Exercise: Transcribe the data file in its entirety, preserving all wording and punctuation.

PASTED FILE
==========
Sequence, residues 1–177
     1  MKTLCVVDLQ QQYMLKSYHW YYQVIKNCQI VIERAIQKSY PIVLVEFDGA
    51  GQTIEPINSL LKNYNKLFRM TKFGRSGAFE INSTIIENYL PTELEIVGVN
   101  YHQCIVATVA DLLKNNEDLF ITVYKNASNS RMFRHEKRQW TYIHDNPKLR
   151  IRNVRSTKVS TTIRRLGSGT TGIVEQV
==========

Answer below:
Sequence, residues 1–177
     1  MKTLCVVDLQ QQYMLKSYHW YYQVIKNCQI VIERAIQKSY PIVLVEFDGA
    51  GQTIEPINSL LKNYNKLFRM TKFGRSGAFE INSTIIENYL PTELEIVGVN
   101  YHQCIVATVA DLLKNNEDLF ITVYKNASNS RMFRHEKRQW TYIHDNPKLR
   151  IRNVRSTKVS TTIRRLGSGT TGIVEQV